Using SAS Procedures to calculate statistical sizes, you often need to save them for later analysis. CALL SYMPUTX does this efficiently.

Using SAS Procedures to calculate statistical sizes, you often need to save them for later analysis. CALL SYMPUTX does this efficiently.

Moving Averages are frequently used when dealing with time series data. This post shows examples of creating moving averages in SAS, using the Data Step, SAS/IML and PROC EXPAND

This post demonstrates how to calculate simple descriptive statistics with SAS Procedues and the IML language.

This posts demonstrates how easy it is to track performance of your SAS programs using the LOGPARSE macro provided by SAS Institute. The post also contains an example of how to save the performance statistics in a SAS data set.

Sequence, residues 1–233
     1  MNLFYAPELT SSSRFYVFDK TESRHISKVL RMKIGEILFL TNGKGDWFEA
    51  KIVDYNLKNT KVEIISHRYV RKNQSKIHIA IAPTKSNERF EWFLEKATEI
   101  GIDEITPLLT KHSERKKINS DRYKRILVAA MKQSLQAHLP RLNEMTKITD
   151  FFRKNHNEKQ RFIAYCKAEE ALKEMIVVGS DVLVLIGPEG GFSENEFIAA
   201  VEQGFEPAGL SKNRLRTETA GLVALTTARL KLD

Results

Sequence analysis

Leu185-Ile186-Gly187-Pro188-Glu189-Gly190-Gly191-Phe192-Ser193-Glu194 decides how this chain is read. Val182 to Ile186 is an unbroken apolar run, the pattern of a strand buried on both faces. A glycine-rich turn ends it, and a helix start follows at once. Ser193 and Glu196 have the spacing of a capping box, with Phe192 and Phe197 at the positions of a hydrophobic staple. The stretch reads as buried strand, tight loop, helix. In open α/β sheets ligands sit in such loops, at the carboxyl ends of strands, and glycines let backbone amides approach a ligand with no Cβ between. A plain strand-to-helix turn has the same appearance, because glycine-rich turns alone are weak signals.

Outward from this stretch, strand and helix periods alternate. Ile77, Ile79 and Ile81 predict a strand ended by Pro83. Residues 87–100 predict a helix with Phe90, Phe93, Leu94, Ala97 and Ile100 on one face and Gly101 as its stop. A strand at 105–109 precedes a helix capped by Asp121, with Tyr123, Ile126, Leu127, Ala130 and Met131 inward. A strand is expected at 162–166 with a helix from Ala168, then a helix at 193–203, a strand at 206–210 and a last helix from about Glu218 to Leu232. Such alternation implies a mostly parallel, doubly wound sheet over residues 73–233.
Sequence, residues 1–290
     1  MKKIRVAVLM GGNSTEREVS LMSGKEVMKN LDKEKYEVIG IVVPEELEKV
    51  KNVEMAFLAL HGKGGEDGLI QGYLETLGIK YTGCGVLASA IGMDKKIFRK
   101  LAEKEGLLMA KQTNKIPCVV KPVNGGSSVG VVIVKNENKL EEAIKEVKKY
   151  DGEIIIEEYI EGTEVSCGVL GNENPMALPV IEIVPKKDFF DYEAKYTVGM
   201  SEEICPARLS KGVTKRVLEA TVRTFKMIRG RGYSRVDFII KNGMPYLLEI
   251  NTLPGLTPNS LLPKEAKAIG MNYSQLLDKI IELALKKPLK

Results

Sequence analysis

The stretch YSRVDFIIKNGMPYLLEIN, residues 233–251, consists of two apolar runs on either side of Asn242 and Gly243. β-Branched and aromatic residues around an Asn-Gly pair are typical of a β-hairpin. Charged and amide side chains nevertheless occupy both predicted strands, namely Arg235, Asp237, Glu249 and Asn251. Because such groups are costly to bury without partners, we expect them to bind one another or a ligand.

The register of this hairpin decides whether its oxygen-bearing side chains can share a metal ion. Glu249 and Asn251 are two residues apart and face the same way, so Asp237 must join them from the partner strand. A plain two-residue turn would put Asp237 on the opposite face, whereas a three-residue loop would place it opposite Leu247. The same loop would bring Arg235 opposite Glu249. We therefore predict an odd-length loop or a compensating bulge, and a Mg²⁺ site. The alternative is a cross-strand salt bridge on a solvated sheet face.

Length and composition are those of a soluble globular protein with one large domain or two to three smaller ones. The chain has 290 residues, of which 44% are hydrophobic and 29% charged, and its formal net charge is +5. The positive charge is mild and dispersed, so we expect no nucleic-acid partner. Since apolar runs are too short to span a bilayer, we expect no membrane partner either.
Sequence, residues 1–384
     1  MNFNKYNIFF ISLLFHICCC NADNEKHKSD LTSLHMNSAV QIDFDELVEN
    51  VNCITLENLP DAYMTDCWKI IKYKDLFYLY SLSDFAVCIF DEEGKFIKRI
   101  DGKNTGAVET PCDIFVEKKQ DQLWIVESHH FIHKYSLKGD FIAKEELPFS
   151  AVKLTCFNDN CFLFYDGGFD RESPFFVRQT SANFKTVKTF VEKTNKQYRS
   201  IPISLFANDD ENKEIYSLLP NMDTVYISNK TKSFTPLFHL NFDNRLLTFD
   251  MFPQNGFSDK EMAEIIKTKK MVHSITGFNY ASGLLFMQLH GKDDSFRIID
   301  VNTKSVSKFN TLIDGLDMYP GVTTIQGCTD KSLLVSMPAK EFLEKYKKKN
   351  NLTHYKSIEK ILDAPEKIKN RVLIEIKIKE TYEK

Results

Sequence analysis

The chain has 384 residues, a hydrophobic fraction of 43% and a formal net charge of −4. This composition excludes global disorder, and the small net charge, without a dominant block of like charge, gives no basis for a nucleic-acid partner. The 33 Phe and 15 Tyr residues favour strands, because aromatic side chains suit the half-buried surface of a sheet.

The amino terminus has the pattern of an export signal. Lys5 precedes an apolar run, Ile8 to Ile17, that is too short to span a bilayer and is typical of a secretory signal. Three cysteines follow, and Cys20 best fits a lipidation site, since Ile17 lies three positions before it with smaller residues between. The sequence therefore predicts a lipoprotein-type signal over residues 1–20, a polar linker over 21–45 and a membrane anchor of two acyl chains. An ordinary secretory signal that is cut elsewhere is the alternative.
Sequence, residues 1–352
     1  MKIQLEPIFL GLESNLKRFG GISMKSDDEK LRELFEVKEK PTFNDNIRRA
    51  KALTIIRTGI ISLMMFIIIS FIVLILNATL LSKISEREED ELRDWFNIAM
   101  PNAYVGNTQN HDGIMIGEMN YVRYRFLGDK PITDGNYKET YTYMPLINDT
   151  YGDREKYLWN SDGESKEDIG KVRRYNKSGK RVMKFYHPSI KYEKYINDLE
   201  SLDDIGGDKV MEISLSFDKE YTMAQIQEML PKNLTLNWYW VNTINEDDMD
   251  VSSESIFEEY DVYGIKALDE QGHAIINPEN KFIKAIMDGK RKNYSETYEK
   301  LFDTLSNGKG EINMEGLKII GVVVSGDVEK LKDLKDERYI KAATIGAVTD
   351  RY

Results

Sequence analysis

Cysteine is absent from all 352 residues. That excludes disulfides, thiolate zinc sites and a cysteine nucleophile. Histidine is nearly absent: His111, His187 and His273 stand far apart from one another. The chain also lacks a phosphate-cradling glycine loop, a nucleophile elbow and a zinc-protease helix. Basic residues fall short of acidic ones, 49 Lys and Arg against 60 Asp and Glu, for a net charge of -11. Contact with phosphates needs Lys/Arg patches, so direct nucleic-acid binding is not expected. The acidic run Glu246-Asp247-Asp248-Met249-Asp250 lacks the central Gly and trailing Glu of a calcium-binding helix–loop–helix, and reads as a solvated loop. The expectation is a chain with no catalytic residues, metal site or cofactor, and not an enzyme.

The Central Limit Theorem is one of the most fundamental parts of statistics. Get a visual demonstration of the theorem here.

The amount of output from even small SAS procedures can be overwhelming. Take control of your output with ODS trace and ODS Select/Exclude Statements.

This post demonstrates how to set up and use the Autoexec File when you start a SAS session.

Using a standard header in your SAS programs is one of the best habits to get under your skin in order to allow other SAS users to quickly get an overview of your code

Missing values are part of the game when you are dealing with data. This post shows you two different ways of replacing missing values with zero in SAS.

In my college days studying mathematical finance, derivative pricing theory was among the hottest of topics. The first model that is usually taught in these classes is the famous Black-Scholes option pricing model. This post shows different ways of computing Black-Scholes prices in SAS.